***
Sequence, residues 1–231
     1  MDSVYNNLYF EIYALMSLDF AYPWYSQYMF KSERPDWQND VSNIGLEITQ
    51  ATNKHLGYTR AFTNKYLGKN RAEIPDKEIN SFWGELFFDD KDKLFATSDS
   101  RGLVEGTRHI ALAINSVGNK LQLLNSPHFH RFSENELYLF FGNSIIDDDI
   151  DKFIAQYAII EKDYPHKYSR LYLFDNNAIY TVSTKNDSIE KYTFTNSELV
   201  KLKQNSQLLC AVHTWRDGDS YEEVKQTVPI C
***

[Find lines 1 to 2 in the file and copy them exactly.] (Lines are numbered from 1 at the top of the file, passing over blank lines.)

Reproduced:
Sequence, residues 1–231
     1  MDSVYNNLYF EIYALMSLDF AYPWYSQYMF KSERPDWQND VSNIGLEITQ